The Joint Admissions and Matriculation Board (JAMB) has stated that protests by some candidates in Lagos and Benin over the closure of the JAMB registration portal ahead of the 2016 Unified Matriculation Examination billed to start in a few days are wrong and unjustifiable, querying why they waited this long to complete registration, which started in August 2016.
It stated that the protests might be antics to force JAMB into establishing special centres where late candidates would be able to perpetrate examination malpractices, saying that the “Board is at the moment working tirelessly to conduct one of the best examinations globally.”
According to a statement signed by the Head of Media, Dr Fabian Benjamin and made available to newsmen, the Board had given candidates ample time to register, thus beginning the sale of application forms since August 2015, because “it is JAMB’s wish that Nigerian youth desirous of tertiary education are giving ample opportunity to register for its examination.”
The statement noted that the Board had made it clear in the advertisement for the sale of the registration documents, that the sales would close by January but had to shift the closure to February due to public appeal that it should be extended.
According to JAMB, the closure of the portal was necessary to allow it prepare adequately for the examination, as it cannot allow candidates to register perpetually, because “there is a timetable and JAMB adheres strictly to it to allow the tertiary institutions begin the process of admission early. We all must work to enshrine the culture of discipline in the system and ensure that tertiary institutions’ calendars are regular.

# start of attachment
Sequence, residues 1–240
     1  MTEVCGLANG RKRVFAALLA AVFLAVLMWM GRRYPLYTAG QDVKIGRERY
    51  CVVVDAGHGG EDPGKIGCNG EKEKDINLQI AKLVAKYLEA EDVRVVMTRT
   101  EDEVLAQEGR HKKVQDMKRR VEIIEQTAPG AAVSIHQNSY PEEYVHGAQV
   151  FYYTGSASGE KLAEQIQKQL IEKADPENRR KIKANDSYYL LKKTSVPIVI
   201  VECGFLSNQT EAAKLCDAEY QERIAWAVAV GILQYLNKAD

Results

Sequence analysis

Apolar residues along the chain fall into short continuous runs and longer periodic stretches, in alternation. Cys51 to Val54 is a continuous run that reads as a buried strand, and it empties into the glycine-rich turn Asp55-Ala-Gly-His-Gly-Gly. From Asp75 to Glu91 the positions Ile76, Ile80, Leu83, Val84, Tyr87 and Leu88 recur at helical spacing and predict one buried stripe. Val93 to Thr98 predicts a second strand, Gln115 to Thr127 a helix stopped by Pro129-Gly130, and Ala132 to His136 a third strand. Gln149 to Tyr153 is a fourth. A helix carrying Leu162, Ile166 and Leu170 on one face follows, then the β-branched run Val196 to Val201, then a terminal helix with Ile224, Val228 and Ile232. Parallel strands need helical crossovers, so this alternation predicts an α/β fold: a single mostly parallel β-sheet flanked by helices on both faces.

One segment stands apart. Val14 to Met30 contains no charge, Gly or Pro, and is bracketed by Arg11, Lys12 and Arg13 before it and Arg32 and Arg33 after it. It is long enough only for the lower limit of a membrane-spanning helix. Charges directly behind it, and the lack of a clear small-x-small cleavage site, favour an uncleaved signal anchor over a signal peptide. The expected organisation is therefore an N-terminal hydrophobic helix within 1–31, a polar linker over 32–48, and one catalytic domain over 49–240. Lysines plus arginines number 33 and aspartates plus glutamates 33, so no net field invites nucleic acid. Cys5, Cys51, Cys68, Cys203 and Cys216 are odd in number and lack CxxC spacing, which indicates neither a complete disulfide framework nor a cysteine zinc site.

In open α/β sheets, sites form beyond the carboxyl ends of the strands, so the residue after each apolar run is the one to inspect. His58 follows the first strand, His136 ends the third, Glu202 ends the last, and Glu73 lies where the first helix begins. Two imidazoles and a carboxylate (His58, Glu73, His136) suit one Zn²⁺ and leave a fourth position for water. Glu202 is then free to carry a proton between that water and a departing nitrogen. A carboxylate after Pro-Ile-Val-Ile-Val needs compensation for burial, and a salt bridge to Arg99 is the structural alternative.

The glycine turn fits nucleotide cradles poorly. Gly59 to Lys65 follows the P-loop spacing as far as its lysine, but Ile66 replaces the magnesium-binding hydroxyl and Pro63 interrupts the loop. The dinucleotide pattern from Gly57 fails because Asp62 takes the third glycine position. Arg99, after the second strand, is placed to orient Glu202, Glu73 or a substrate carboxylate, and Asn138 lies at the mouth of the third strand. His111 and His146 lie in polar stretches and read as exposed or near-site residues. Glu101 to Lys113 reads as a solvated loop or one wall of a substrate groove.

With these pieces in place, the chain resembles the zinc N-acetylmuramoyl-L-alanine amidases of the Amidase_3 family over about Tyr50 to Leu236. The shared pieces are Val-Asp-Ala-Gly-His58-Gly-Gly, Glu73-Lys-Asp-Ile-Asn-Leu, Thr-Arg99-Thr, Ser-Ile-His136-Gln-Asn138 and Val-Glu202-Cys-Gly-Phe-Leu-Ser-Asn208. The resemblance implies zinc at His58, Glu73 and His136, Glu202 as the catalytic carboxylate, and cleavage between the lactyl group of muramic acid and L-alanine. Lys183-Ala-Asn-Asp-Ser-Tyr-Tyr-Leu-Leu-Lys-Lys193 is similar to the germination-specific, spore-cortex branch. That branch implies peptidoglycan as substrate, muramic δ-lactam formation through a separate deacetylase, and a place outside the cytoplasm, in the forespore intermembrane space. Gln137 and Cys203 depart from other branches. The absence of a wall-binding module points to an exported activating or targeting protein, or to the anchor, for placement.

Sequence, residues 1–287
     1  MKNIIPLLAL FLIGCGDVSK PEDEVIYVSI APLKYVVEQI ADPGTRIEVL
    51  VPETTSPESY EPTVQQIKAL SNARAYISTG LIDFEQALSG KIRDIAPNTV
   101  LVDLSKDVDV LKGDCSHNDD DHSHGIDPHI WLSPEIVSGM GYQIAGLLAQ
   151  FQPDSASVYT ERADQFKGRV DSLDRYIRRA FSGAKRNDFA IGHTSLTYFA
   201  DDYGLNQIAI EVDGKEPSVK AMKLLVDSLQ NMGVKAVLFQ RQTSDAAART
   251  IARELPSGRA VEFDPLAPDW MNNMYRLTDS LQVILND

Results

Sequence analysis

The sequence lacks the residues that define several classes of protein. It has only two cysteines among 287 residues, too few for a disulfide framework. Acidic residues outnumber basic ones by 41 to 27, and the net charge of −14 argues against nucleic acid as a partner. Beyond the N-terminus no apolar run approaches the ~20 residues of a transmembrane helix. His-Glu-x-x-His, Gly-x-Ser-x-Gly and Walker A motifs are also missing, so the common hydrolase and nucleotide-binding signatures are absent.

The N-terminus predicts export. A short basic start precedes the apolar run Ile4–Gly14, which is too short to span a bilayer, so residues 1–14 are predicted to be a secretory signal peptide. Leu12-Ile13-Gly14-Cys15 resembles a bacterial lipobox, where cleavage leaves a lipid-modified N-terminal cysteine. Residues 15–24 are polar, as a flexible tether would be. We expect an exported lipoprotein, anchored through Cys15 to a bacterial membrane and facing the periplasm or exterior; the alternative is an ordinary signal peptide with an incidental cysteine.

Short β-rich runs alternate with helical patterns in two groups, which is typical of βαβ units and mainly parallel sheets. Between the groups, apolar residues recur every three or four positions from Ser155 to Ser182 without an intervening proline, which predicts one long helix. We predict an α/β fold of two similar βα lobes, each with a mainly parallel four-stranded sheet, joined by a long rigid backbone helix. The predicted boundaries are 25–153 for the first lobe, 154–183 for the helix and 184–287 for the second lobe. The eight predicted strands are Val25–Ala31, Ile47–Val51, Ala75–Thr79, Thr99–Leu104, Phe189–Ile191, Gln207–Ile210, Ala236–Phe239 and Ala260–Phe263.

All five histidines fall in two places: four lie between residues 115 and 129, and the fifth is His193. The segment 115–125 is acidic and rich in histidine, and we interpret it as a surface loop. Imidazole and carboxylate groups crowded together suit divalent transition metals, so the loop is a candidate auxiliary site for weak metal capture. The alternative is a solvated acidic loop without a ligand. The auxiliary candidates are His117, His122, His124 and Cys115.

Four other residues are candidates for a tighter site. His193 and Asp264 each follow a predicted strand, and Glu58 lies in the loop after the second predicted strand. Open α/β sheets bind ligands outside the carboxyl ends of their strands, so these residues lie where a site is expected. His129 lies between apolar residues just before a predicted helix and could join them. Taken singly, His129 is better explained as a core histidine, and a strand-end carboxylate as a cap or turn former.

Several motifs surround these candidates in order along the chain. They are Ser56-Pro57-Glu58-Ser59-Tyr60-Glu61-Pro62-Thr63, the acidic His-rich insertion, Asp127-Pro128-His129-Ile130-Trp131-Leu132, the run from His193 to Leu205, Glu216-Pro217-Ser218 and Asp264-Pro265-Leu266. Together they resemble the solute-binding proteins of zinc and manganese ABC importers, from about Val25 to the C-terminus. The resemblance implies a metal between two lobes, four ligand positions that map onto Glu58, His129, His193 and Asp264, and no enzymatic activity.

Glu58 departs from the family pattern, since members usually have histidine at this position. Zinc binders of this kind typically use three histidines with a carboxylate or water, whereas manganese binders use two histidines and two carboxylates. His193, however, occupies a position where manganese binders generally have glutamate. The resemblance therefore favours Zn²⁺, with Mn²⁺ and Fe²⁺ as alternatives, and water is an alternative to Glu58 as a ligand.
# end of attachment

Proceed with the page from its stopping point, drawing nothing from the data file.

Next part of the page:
This is just as it denied the claim by candidates that they were being posted to examination centres of faraway places, noting that “the Board doesn’t post candidates to examination towns. Candidates picked the towns of their choice while we send them to centres within their chosen towns.”
“It’s most unfortunate that some candidates waited until our website was withdrawn before making attempts to register. This scenario looks very suspicious, for a candidate who is billed to sit for an examination slated for February to suddenly appear in the same February protesting his inability to register less than a week to the examination when he knew that the registration was too close in the same month.
“Through this same process over a million candidates have applied within this period and the Board has made adequate preparation for them to sit for the 2016 exercise. However, it is common knowledge that one of the challenges of public examination in Nigeria is examination malpractice and one of the antics of the perpetrators of these acts is to force the Board into establishing a special centre where late candidates will be bunched together to perpetrate exam malpractice.”